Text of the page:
“How old are the other two,” Jonathon asked.

“Boupha is eight and An is six years old,” Kiribourey answered.

Jonathon looked out over the bow. Water was all he could see. Small swells were in it. Kiribourey cranked the helm to the right. The boat turned to starboard. He straightened the boat. He turned to the map panel. He touched it and spoke Sarginese, “Amboalla.”

He confirmed the choice and touched it again. He spoke Sarginese, “Que, it is time for your first lesson in speaking English.”

The three of them walked off the bridge. They walked astern. A white metal round table stood port of the cabin door. Five white, brown cushioned metal chairs were arranged around the table. They sat in three of the chairs. The other two children exited the door. Kiribourey spoke Sarginese, “Analin, kombat sibana tudempo. I am starting your first lesson in speaking English. With Jon here, you need to know English. This, also, will help you in the future.”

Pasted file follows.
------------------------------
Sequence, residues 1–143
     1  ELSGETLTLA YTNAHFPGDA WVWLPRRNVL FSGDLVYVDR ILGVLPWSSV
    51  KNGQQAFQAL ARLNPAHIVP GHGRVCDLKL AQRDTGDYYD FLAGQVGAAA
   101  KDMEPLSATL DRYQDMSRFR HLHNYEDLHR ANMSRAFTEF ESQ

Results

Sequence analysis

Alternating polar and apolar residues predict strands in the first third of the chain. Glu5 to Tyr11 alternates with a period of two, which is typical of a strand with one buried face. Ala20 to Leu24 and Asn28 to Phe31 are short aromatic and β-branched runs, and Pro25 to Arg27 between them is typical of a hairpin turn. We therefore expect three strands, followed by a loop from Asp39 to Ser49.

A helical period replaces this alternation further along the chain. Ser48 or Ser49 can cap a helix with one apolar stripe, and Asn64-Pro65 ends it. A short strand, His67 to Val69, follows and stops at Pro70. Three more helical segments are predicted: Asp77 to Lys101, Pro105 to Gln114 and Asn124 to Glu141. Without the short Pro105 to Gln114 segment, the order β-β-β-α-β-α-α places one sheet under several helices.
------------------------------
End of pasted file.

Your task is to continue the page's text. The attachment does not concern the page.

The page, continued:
The children nodded and sat in the remaining chairs. Kiribourey continued in Sarginese, “The first thing you need to be able to say is our guest’s name. Kedang ‘Jon’.”

“Jon,” Quenan finally said first. Boupha-Kannitha said it next followed by An-Toan Kim. They were getting comfortable having Jonathon around.

“Bajiceng,” Kiribourey praised them.

“What was that word you just said? Bajiceng? I hope I pronounced it right,” Jonathon said.

“You pronounced it right. ‘Bajiceng’ is Sarginese for the English word ‘good’. ‘Ana’ is child, ‘Analin’ is children. ‘Kombat’ is come, ‘sibana is and, and ‘tudempo’ is sit,” Kiribourey explained.